One way to test, before buying a new 30-amp dogbone, would be to plug the RV into a 50-amp pedestal and see if it works. If it does... it's not the 50-amp power cord. If it doesn't... it's the cord.


Monday 24th of July 2023

I just wanted to say that I watch you guys on the RVers show on cable. I have a question. I have an Alliance Avenue 32RLS and I was told that it has 2 legs of power in the 50amp cord. I just purchased a Honda EU7000is. My question is do I adapt my 50amp cord to the 30amp receptacle that is marker 120/240v and have the switch on the 120/240v setting rather than the 120v setting? I am not an electrician but from what I can see in the Honda manual if I only put in the 120V setting it looks like some of the receptacles in the RV will not work. Can you tell me if I am correct in this? Thank you


Tuesday 25th of July 2023

Hi Tim... thanks for watching The RVers! Hope you enjoy the show!

The answer to your generator question would depend on how the adapter for that 120V/240V plug is wired... and what the outlet on the other end of it is like. Based on what we know about the EU7000is (which is limited to what we've read in the manual online), we'd suggest that you use the 120V, 30A outlet using their adaptor cord... and then use a dogbone to go from the standard RV 30A plug to your RV's 50A cable. With that setup, you could leave the switch in 120V since you won't be using the 240V output.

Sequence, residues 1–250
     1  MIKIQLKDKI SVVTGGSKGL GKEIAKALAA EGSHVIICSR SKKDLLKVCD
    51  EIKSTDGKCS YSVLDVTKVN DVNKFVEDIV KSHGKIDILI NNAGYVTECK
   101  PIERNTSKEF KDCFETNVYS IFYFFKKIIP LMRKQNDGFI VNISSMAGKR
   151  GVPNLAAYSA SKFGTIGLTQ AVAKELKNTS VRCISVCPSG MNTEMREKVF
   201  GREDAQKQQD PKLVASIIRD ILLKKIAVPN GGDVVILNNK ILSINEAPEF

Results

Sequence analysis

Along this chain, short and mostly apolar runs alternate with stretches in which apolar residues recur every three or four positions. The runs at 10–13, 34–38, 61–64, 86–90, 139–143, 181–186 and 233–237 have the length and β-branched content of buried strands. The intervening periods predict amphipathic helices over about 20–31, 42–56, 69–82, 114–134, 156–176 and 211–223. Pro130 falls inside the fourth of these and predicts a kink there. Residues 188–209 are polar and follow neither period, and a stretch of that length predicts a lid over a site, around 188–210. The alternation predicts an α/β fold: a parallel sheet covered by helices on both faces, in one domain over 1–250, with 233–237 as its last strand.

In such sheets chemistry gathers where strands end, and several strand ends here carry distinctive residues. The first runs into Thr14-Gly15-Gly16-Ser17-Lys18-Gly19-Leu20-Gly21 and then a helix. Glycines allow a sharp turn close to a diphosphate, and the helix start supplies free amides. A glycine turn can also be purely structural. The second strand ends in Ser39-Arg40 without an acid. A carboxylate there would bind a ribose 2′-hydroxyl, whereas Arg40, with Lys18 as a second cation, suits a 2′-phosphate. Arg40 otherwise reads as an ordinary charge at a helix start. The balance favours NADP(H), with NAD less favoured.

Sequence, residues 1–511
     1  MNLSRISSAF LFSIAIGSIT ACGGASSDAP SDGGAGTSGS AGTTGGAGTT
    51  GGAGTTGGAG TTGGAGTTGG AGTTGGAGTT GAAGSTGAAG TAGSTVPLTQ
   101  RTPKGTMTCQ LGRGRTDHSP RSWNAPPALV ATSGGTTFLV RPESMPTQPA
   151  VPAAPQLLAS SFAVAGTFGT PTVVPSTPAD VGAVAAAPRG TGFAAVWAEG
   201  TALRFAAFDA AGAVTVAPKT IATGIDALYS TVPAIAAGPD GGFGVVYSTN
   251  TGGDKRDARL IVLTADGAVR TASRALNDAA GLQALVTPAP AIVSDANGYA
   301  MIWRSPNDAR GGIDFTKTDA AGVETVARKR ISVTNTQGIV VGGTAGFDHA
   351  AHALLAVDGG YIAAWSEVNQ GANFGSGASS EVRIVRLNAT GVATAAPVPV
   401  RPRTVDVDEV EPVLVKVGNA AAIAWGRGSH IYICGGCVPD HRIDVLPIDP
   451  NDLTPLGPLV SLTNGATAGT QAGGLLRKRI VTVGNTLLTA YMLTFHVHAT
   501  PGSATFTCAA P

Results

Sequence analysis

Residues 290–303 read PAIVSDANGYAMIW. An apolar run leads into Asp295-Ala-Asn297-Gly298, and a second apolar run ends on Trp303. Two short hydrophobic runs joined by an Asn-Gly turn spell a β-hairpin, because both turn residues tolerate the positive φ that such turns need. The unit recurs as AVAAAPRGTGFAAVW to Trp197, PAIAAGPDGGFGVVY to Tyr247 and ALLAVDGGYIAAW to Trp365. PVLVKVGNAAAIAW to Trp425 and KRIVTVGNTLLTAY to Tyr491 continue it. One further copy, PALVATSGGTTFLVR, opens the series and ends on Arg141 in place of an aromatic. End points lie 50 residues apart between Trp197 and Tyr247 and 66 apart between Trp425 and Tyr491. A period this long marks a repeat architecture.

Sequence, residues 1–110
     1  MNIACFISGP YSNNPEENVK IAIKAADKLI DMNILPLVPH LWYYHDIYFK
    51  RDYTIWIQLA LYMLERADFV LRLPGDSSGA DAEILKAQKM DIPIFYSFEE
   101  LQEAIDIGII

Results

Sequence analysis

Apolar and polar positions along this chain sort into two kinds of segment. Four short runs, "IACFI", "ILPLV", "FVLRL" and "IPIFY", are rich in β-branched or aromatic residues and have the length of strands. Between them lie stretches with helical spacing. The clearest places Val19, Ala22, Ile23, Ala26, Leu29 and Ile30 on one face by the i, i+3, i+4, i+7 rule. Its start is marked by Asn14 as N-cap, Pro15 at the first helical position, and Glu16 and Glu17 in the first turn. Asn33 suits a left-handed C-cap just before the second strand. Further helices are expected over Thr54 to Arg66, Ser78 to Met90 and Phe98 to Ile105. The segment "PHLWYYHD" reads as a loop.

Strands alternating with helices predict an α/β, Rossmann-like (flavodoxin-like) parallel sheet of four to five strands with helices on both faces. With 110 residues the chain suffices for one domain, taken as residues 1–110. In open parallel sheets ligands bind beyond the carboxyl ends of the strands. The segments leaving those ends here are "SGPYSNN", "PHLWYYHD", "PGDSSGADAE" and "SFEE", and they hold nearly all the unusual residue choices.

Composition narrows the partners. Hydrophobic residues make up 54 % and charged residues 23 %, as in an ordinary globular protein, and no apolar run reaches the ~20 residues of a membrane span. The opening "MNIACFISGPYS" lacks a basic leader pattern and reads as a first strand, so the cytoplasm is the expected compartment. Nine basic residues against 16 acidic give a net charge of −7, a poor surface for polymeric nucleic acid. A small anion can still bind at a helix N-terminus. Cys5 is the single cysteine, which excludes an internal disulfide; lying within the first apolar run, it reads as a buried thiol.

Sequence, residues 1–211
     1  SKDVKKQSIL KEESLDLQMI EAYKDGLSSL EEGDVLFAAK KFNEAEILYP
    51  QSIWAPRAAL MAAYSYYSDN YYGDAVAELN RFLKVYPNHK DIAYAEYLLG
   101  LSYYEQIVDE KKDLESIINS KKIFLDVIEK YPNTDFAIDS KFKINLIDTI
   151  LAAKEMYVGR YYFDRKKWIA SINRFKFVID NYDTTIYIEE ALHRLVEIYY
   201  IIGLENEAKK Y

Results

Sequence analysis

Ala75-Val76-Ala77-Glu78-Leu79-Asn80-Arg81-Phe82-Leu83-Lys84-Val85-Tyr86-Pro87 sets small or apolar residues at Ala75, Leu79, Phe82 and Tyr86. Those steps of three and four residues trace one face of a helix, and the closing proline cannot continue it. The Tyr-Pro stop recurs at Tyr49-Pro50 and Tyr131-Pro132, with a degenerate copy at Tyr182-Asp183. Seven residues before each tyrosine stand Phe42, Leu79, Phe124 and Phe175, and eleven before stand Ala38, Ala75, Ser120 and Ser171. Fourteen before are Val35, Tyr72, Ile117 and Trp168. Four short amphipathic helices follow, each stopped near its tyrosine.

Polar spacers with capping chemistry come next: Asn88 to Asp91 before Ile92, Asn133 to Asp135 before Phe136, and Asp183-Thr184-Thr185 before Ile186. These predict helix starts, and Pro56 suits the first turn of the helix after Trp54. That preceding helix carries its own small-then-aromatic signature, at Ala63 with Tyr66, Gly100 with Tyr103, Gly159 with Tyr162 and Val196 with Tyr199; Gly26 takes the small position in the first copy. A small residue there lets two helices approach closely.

The only way we'd be comfortable using the 120/240V 30A outlet is if the Honda adapter cord that plugs in there ended in a standard NEMA 14-50R style outlet. And, even then, we'd want to use a multimeter to ensure that there wasn't 240V AC available on either of the hot lines. RVs are only 120V... and 50A RVs are expecting to see two separate legs of 120V AC each.

Lenora Peralta

Monday 1st of May 2023

My power cord has been replaced on my 1986 Fleetwood Taurus. The guy at the rv place thinks it is the wrong end on it, as it is a 15 amp end. How do I know what end came with it, 30 amp or 15 amp?


Monday 1st of May 2023